1994 – AppleShare currently comes in three flavors: AppleShare 3.0, AppleShare 4.0, and AppleShare Pro. They differ in performance and platform. AppleShare 4.0 is designed to take advantage of 68040-based Macs, and AppleShare Pro utilizes the specialized hardware and operating environment of the Apple Workgroup Server 95. All three flavors have the same security features.
AppleShare Supported Platforms
- AppleShare 3.0: Any Macintosh computer
- AppleShare 4.0: Centris 610, Quadra 700, 800, or 950
- AppleShare Pro: Apple Workgroup Server 60, 80, or 95
AppleShare has three levels of access privileges: Owner, Group, and Everyone. These can be assigned to folders on shared volumes. A folder’s owner can also assign a special set of other privileges to one other user, rather than to a group of users. These other privileges include full access, a drop folder with only write access, and no access.
Additionally, users can protect their data by preventing others from seeing files enclosed in folders, by preventing others from seeing folders enclosed in folders, by preventing others from writing to a folder, and by preventing others from writing to, or seeing, folders and files.
AppleShare 3.0 (and higher) uses a concept called “inherited privileges.” When you create a new folder with AppleShare workstation software, it inherits the privileges of the folder within which it is created. When you create a folder and move it to another folder on the server, it adopts the privileges of that folder. Only if you deliberately change its privileges does it retain explicit privileges when you move it around.
AppleShare supports passwords for log-on. The software has options for minimum password length, password aging (to force users to change their passwords regularly), password history (to prevent users from using the same password over again immediately), and account disabling after a certain number of unsuccessful access attempts.
It also has mechanisms for temporary accounts and for guest logons (which can be turned off). Also, an administrator can force any user to immediately log off.
AppleShare Security Measures
- Minimum password length
- Password aging
- Password history to prevent immediate reuse
- User restriction from saving passwords in a file
- Account disabling after specified number of password failures
- Adjustable time limit for temporary accounts
- “Guest” access turned off by default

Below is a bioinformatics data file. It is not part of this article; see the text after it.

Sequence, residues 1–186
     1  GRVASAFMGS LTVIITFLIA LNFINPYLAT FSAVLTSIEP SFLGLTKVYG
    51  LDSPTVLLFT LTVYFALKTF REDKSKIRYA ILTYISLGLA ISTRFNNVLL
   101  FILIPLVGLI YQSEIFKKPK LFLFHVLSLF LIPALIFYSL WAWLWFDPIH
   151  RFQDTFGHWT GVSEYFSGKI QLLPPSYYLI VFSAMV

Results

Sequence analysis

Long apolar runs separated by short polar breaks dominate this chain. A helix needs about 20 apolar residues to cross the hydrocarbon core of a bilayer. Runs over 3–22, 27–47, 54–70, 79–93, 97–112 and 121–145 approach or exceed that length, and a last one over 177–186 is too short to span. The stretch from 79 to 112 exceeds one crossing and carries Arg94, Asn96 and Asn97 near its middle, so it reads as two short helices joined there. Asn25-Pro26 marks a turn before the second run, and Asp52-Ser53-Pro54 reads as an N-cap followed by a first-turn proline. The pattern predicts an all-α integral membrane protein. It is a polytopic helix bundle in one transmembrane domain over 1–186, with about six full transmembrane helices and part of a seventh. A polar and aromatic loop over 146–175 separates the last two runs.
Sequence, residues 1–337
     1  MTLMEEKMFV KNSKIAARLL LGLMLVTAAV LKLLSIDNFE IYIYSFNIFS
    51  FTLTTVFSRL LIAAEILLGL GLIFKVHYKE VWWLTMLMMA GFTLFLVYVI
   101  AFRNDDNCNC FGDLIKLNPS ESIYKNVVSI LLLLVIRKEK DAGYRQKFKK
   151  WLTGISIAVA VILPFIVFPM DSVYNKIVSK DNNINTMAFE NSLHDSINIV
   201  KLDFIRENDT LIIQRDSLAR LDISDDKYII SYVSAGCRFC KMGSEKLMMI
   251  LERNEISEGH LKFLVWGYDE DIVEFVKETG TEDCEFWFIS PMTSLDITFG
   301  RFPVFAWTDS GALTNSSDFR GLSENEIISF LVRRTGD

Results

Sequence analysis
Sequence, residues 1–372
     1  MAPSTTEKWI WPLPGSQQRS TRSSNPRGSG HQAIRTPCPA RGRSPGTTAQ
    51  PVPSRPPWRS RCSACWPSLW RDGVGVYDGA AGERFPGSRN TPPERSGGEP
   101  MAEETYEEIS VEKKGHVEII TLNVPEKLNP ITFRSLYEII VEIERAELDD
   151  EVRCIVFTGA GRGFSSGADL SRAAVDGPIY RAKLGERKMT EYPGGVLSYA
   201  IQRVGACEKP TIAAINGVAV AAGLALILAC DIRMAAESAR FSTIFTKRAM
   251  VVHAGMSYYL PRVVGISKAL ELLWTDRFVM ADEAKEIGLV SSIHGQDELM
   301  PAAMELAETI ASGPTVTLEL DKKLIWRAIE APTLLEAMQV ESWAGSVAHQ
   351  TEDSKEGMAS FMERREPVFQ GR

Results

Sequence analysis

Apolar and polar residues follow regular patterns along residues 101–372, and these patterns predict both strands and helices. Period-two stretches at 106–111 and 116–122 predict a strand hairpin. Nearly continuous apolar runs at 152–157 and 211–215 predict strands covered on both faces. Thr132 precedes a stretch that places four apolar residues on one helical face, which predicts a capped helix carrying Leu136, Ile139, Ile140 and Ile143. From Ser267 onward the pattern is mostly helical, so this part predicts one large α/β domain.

- Copy-protection setting for documents
- “Lock” setting for folders
- Inherited folder privileges
- Administrator log-off of any user
Remote Access Control and Security
The simplest, and least secure, way to protect incoming modem lines is to set up password security. Each user has a password, and he has to enter it correctly as part of the dial-in process. All remote-access hardware has password options that are easy to install and use.
Better security comes from a dial-back modem. With a dial-back modem, a user calls the device and types in his name. The modem breaks the connection, looks for the user’s name in its database, and calls him back at the telephone number it has stored. This works great, but assumes that users always dial in from the same telephone number. Users who are constantly on the road, calling in from a variety of locations, won’t be able to use this feature. There is also a way to defeat most dial-back modems, but it is so new that I am leery of describing it here.
Unlike the first version, AppleTalk Remote Access 2.0 consists of separate client and server applications. The ARA Multiport Server software (which also includes the Apple Remote Access Personal Server software) combines the Remote Access Administrator with a number of additional security features.
Two new security features lock out unauthorized callers and place restrictions on unauthorized calls. Third-party developers can take advantage of a new modular design to implement additional security protocols, beyond the password and call-back measures in Version 1.0. Some of the security products announced include Kerberos, SecurlD Cards, and SofKeyPlus (see reviews at end of chapter).
Using ARA 2.0, the administrator can also restrict specific users’ access to only certain network zones. In Version 1.0, the only access options to give remote users are either to the ARA server, or to the entire network.
The Administrator application must always be running because it also functions as a server. A lock feature prevents unauthorized changes to the Administrator settings from the server
The Administrator shares some of AppleShare’s settings for password expiration, password length, and anti-infiltration measures. ARA 2.0 administrators can assign each user an individual connection time limit, and user accounts can be disabled after a specific number of incorrect password attempts. ARA 2.0 also supports an audit log to record calling and answering activities.
The Apple Remote Access Multiport Server uses Apple’s License Manager. Each copy of the administrative software searches the network for other copies, and compares serial numbers. When duplicates are found, the applications begin sending messages to administrators urging them not to illegally copy software.
This information is from Protect Your Macintosh by Bruce Schneier, copyright 1994 and published by Peachpit Press. The entire book can be freely downloaded from the following sources:
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